I decided to split the night into three ‘zones’. Early evening (17:00 – 19:00) prime time (19:00 – 21:00) and post watershed (21:00 onwards) see appendix 1. The reason for this is that these are distinct periods with distinct audiences. It is not possible to compare Blue Peter at 17:00 with Film 2002 at 23:00, as the target audience will be completely different. Looking at the first two programmes in the early evening slot shows a difference in the strategies of the channels. At 17:00 BBC shows Blue Peter, whilst ITV broadcasts a repeat of Airline.

Two very different programmes aimed at different audiences. ITV chooses 17:00 to start leaving it’s child audience and start concentrating on the adult population. The programme before Airline was ‘My Parents are Aliens’ a children’s comedy/drama. The adverts between My Parents are Aliens and Airline show that ITV still expect to have some children watching for example an advert for ‘Diva Stars’ a series of dolls. ITV then shows a repeat – significant because it shows ITV are not prepared to spend money on creating original programming for this slot.

The shift in expected audience is shown in the advertisements in the middle of Airline. They include adverts for nicotine patches – a definite adult product. The BBC on the other hand decide to hang on to their young audience for another half hour showing Blue Peter and Newsround until 17:30. This may be because of ITV’s decision to stop children’s programming at 17:00. Another possible explanation is the BBC’s obligation to provide a set amount of programming for younger audiences.

There is also the fact that Blue Peter slot of 17:00 is ‘traditional’ for it’s entire history it has occupied this slot, which could effect ITV’s decision not to go into direct competition with it by choosing a different target audience. Following Newsround is a plug for BBC’s new children’s channel CBBC and an advert for GCSE bitesize revision. The following programmes on both channels definitely act as buffers between the different age audiences. Crossroads on ITV and Neighbours on BBC are both fairly ‘soft’ soap operas, they do not have the hard-hitting impact of Eastenders for example.

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Neither of these soaps has particularly high viewing figures either. There should be no noticeable loss in viewers for either soap by placing them head to head. Crossroads is followed directly by a trailer for the next day’s This Morning programme; this could indicate similar viewers for the two shows – housewives and students. The next hour on both channels is devoted to News, local and national. This marks a definite move away from anything associated with children’s programming. Despite accusations of ‘dumbing down’ the news, it will be an extra-ordinary child who watches the main news broadcast voluntarily.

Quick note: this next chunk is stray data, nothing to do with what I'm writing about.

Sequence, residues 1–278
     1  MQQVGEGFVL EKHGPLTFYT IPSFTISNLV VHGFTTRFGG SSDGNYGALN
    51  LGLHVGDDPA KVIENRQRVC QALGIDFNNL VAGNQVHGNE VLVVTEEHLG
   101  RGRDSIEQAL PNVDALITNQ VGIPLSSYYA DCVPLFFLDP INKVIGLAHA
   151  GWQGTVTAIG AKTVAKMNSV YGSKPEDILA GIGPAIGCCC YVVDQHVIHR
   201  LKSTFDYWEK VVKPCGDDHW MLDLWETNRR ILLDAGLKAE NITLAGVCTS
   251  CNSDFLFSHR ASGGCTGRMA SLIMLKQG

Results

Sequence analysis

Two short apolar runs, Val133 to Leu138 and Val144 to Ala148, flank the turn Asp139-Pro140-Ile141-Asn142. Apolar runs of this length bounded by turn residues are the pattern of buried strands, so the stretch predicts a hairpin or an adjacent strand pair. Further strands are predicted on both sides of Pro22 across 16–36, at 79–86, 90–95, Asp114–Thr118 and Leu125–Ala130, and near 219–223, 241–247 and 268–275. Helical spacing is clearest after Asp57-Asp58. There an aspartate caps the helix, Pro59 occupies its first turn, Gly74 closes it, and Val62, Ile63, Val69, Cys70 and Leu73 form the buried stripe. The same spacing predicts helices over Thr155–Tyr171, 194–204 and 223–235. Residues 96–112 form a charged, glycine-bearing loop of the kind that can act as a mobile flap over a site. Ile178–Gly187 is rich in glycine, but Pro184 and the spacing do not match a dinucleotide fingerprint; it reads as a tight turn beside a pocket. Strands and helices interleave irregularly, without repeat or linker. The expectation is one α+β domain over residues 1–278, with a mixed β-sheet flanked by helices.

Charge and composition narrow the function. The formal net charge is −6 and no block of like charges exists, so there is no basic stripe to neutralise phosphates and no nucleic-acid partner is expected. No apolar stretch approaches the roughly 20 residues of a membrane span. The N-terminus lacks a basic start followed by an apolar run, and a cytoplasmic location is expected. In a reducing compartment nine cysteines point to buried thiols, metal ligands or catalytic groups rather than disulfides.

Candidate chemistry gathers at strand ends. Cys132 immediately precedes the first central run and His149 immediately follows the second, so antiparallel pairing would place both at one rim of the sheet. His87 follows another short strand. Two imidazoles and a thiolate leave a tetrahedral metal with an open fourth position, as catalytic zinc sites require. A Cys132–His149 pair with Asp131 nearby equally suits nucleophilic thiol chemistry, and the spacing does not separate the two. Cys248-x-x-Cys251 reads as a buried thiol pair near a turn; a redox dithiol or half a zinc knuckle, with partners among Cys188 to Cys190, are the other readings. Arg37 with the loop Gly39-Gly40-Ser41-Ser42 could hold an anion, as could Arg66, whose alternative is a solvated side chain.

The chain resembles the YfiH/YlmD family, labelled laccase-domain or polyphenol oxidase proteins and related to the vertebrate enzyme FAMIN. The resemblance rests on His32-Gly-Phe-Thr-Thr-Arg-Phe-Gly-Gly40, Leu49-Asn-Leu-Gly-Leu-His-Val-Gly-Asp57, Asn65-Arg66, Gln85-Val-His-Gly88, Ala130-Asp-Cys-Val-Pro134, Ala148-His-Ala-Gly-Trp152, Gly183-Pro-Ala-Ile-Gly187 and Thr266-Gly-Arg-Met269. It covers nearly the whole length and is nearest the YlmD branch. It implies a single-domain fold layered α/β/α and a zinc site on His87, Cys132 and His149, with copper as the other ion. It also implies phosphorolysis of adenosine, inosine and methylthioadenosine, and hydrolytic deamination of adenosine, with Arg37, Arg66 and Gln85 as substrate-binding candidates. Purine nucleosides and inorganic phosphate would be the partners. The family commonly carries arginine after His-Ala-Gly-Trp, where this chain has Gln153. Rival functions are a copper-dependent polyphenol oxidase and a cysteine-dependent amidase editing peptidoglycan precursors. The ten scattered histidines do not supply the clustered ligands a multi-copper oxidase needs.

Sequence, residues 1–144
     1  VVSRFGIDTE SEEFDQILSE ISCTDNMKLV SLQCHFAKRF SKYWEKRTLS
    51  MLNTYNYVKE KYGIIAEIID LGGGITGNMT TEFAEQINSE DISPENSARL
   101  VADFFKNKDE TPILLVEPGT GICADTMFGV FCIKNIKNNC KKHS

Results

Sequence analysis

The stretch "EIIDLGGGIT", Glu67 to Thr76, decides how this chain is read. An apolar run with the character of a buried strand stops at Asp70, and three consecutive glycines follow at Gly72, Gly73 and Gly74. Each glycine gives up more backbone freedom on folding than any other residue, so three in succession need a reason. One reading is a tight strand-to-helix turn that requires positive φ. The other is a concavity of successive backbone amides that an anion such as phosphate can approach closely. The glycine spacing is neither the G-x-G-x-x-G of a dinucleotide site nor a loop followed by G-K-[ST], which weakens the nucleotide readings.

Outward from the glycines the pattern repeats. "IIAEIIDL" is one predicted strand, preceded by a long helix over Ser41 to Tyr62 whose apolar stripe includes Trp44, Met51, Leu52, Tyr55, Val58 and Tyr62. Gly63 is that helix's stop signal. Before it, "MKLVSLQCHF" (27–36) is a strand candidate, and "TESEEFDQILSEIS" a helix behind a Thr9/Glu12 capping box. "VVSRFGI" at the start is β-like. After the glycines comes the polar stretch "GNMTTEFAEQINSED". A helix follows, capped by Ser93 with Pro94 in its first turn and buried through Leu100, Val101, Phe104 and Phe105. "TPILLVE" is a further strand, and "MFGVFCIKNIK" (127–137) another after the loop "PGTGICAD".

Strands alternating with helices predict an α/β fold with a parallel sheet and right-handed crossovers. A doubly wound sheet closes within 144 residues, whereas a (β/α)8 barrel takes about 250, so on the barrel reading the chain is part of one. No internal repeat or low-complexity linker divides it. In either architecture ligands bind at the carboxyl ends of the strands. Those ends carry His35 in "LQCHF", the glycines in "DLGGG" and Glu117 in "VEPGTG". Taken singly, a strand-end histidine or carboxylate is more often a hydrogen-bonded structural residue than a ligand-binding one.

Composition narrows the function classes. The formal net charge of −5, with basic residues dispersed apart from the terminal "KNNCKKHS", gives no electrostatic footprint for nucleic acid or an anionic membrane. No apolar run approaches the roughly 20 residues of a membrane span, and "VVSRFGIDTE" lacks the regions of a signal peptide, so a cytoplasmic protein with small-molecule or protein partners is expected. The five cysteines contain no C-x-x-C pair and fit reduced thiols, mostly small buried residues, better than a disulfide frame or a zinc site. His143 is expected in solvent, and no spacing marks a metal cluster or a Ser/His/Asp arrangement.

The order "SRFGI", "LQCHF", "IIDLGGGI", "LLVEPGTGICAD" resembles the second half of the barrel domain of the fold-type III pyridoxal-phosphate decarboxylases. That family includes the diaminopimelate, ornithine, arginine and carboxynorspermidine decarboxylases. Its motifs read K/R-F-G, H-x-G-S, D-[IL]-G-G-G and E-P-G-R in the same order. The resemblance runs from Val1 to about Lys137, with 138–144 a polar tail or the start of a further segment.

ITV places it’s local news first, a point to note is a trailer for Family Values after the local news has finished. Family values is another regional programme, the reasoning behind this could be that someone interested in local news could be interested in the lives of local people. The decision by ITV to play the local news first could be because they don’t want to go into direct competition with the BBC national news which had 6. 6 million viewers on 23rd February, almost as much as ITV’s prime time drama The Jury (6. 8 million) (Heat issue 159, page 46.)

Moving into the primetime area sees a run of major soap operas. It is possible to watch an hour and a half of back-to-back soaps, 19:00 – 20:00 on ITV then 20:00 – 20:30 on BBC. The viewing figures of Eastenders and Coronation Street are particularly impressive, the BBC gets on average 15. 6 million viewers and ITV 13. 1 million (Heat issue 159, page 46. ) Based on BARBS figures for television ownership (http://www. barb. co. uk/TVFACTS. cfm? fullstory=true&newsid=13) the two major soaps get about 60% of the television owning population.

This is important for both the channels, ITV can justify selling the advertising space more expensively, and the BBC can justify its licence fee. If the two soap operas were to go head-to-head, there would be a reduction in viewing figures for one or the other (the combined viewing figures for the two programmes comes to more people than own televisions) therefore there must be a large percentage of people who watch both, the channels do not want to run the risk of losing large swathes of their viewers to the other channel.

Both ITV and the BBC have obviously recognised the pulling power of each other’s main soap operas. BBC screen Hard Cash while Coronation Street is on and ITV show Tonight with Trevor McDonald whilst Eastenders is being broadcast. There is a large contrast between the soap opera and it’s time slot opposite in each case. Both programmes are current affairs/news based. It is possible the channels have pitched their soap alternative in a similar vein hoping to attract the non-soap viewing audience alienated during this period.


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